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When the German officer slaps Wladyslaw Szpilman's father, the officer is wearing gloves which would not have made a sharp sound.
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When Wladyslaw Szpilman is told he has to leave the first apartment he's hiding in, his hair is parted and hanging down either side of his face. In the next shot, when he sits down to try to smoke the cigarette, his hair is combed back with no part visible.
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When Wladyslaw Szpilman is playing in the closing scenes, the piano's "Steinway & Sons" logo is the style first used in the 1990s.
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Wladyslaw Szpilman: [taking off his watch] Here, sell this. Food is more important than time.
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Yehuda: [introducing Wladek] Majorek, this is the greatest pianist in Poland, maybe the whole world.
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Henryk Szpilman: Ah, more Jewish police. You mean you want me to beat up Jews and catch the Gestapo spirit? I see.
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Was anyone else confused by the two similar-looking blonde women, both of whom took turns hiding Szpilman?
Indeed, there were two blonde women in the movie, making it confusing to tell one from the other. The blonde whom Szpilman meets during the bombing of Polish radio and with whom he seems to have a budding romance is Dorota. Dorota is not in Szpilman's book and appears to be a made-up character for the movie, probably to give a look at Szpilman's life before the occupation and to evoke audience sympathy for all that he lost during the war. The later scenes, in which Szpilman stays with pregnant Dorota and her husband, are also fabricated for the movie. Janina Godlewska (Ruth Platt) is the other blonde. The real Janina Godlewska was a Polish singer. She and her actor husband, Andrzej Bogucki (Ronan Vibert), knew Szpilman through their shared involvement in the performing arts. It was Godlewska that Szpilman saw in the marketplace and her and her husband to whom he turned when he decided to go into hiding. To read a two-page excerpt from Szpilman's book that tells how the real Janina and Andrzej helped him go into hiding, go to Google Books and do a search on "Szpilman Janina".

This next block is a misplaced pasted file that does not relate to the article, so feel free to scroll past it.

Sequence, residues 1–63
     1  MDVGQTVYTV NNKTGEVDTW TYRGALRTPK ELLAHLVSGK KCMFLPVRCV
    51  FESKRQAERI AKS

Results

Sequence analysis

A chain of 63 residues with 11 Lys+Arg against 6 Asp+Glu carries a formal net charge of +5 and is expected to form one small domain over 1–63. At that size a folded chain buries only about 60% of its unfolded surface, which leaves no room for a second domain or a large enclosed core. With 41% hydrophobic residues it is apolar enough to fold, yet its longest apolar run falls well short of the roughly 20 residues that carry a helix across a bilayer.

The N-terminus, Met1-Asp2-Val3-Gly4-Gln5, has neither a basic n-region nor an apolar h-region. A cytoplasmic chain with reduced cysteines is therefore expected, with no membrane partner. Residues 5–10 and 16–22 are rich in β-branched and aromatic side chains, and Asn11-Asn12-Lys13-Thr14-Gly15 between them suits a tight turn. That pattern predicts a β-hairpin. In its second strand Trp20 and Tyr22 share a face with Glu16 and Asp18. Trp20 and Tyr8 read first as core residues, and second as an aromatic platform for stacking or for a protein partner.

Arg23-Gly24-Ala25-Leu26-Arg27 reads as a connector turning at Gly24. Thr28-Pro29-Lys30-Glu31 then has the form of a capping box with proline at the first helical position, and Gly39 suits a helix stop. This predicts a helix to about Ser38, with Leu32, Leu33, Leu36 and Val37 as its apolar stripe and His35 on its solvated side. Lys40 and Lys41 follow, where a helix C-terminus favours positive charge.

How did Henryk and Halina get back to the Umschlagplatz after being selected for work detail?
According to the Pabst plan, Warsaw's ghetto population was to be reduced in half, to 500,000. Jewish policemen were to accomplish this by delivering five people a day to the deportation area, an extremely difficult task because the unfortunates would try to hide or run away. After Henryk (Ed Stoppard) and Halina (Jessica Kate Meyer) were selected as fit to work in the ghetto, they found out that the rest of the family was taken away to the Umschlagplatz so they volunteered to join them even though they were not on the list for resettlement. The policeman was delighted because they made his job easier.
How much sex, violence, and profanity are in this movie?
For detailed information about the amounts and types of (a) sex and nudity, (b) violence and gore, (c) profanity, (d) alcohol, drugs, and smoking, and (e) frightening and intense scenes in this movie, consult the IMDb Parents Guide for this movie. The Parents Guide for The Pianist can be found here.
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Photos from cast
Ronan Vibert